I really liked Osaka because everyone’s fashion is so interesting! People dress quite flashy and I am always intrigued by flashy clothing. I feel like people in Osaka had a lot of sense of personal style, and weren’t afraid to show it – props to them! I respect that much more than people who dress exactly like everyone else. I felt like that was what people in Seoul were like…every “fashionable” person, especially males dressed in the exact same style. It was nice looking of course, but just the same.
As Shinsaibashi and Dotonbori was a major intersection and nightlife area, there were A LOT of host club guys standing around outside as the sun went down. You can spot these guys from a mile away because they are the only people that would be in flashy suits with huge collars, and extremely exaggerated hairstyles. I had a lot of fun watching them try and fail to approach at potential customers. Unfortunately I wasn’t able to sneak a picture of them because I didn’t know if they would get mad at me or not …
Since we were in Osaka, we had to try Osaka specialties such as takoyaki and okonomiyaki. I LOVE takoyaki but I am not a huge fan of okonomiyaki because I find it way too filling (from what I have eaten in Toronto). The takoyaki in Osaka is slightly different than the ones we have in Toronto, bigger in size, and more mushy. But taste generally is around the same, so it was pretty good. But I think I would’ve liked more octopus in mine. Maybe we didn’t pick a good shop to buy it from. There are so many that it was hard to choose which one to try out. Same with okonomiyaki shops, but we ended up choosing a restaurant one so we could sit down and relax for a bit. Another Osaka speciality is actually yakisoba, so I suggested we get the Hirashimiyaki which is sort of like an okonomiyaki over yakisoba. Now that I think about it, maybe we should’ve gotten the regular okonomiyaki in it’s true Kansai style since we WERE in Osaka..but we really enjoyed our Hirashima style okonomiyaki since with the addition of yakisoba, there was much less “flour/pancake” so it was less filling.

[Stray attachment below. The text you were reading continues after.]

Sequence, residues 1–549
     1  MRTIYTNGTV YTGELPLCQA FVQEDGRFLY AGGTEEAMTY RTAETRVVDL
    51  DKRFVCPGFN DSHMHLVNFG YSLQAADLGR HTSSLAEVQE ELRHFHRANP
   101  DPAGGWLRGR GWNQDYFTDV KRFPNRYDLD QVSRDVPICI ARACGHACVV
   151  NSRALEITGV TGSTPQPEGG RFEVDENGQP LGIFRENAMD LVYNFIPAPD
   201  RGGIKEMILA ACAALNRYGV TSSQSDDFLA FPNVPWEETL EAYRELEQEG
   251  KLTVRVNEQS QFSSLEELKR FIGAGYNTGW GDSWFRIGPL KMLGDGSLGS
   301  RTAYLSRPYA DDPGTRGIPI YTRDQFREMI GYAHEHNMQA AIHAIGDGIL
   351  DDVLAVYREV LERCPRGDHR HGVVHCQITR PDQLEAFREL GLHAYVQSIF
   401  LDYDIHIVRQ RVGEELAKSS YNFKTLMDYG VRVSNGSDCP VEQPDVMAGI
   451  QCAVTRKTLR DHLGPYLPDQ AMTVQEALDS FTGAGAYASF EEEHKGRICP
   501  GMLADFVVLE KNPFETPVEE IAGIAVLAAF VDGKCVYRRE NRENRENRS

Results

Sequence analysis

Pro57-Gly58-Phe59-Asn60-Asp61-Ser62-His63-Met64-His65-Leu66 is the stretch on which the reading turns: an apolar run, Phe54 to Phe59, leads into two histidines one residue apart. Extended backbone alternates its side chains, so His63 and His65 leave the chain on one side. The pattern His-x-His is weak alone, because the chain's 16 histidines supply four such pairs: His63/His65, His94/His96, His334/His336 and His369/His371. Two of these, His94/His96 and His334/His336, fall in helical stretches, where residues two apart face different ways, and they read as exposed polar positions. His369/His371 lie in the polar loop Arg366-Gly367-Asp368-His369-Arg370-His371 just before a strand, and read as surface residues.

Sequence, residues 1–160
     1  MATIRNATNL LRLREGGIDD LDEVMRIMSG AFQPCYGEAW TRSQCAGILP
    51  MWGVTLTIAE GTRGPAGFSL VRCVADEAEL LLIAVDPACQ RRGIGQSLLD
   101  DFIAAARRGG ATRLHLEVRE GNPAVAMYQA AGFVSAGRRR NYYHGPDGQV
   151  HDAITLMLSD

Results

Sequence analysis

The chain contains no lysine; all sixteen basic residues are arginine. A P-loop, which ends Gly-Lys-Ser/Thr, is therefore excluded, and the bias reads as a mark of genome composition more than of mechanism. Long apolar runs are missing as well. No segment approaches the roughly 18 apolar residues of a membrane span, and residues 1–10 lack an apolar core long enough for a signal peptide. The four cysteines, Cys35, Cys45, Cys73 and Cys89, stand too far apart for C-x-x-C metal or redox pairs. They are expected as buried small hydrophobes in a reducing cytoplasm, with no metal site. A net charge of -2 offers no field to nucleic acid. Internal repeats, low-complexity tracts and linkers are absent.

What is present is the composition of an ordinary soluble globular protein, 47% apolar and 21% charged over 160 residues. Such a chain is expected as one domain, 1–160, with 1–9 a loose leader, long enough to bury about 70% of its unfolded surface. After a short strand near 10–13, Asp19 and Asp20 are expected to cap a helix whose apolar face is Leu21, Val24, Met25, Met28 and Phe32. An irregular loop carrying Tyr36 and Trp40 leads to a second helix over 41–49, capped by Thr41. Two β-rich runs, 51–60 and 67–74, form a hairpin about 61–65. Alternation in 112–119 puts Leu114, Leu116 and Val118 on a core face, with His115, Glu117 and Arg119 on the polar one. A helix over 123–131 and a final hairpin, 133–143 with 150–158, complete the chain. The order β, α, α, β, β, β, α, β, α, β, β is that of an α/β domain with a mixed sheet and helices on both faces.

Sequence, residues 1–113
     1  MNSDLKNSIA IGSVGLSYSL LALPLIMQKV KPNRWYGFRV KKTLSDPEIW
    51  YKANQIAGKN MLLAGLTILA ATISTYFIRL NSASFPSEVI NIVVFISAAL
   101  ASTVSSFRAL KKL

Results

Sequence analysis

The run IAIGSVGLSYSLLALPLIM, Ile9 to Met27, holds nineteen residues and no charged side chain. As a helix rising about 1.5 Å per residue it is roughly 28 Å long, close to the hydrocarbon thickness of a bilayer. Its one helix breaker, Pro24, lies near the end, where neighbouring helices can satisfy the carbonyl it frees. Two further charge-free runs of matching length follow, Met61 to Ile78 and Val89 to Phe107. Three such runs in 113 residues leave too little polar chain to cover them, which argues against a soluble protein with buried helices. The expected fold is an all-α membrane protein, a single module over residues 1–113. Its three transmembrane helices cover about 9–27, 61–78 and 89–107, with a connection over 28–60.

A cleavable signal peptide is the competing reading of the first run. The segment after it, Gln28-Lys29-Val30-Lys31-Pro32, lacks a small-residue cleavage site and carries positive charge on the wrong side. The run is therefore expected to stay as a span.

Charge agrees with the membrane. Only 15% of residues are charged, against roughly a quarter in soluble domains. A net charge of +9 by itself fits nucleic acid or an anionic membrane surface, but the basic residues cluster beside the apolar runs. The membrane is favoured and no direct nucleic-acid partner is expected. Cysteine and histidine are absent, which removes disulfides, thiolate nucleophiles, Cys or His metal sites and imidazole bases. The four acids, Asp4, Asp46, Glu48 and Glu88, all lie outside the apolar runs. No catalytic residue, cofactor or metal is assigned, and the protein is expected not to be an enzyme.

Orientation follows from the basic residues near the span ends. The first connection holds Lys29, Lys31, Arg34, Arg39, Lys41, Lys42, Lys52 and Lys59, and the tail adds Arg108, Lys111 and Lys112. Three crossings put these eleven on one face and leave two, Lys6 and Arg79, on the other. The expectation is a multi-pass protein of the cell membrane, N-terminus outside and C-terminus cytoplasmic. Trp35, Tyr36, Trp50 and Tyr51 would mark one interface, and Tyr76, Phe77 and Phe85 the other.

We didn’t shop too much at Shinsaibashi because other than the fact that we were tired from all the travelling, we also didn’t want to spend so much money before even arriving into Tokyo.
The next morning we headed out to Kuromon Market for breakfast because my friend Joey who went to Japan a couple weeks before we did, told me that they had a $5 negitoro-don there which was one of the best things that he had. Kuromon is kind of like a food / grocery market with several little restaurant shops. On the way there we saw this group of bikers getting interviewed!!! I have no idea what it was for but I took a picture of them anyway (unfortunately took out my camera kind of late so I only got the back of them, but you can kinda see their hairstyles!)
I got the negitoro-don, but my friends weren’t too keen on it so they walked around to purchase other food to eat. They had a lot of dessert stands, croquette and tempura stands, and sushi stands all for pretty cheap prices. I wish I bought some more!
After breakfast, we headed back towards the train station to go to Kyoto, which is actually only a 15 minute ride!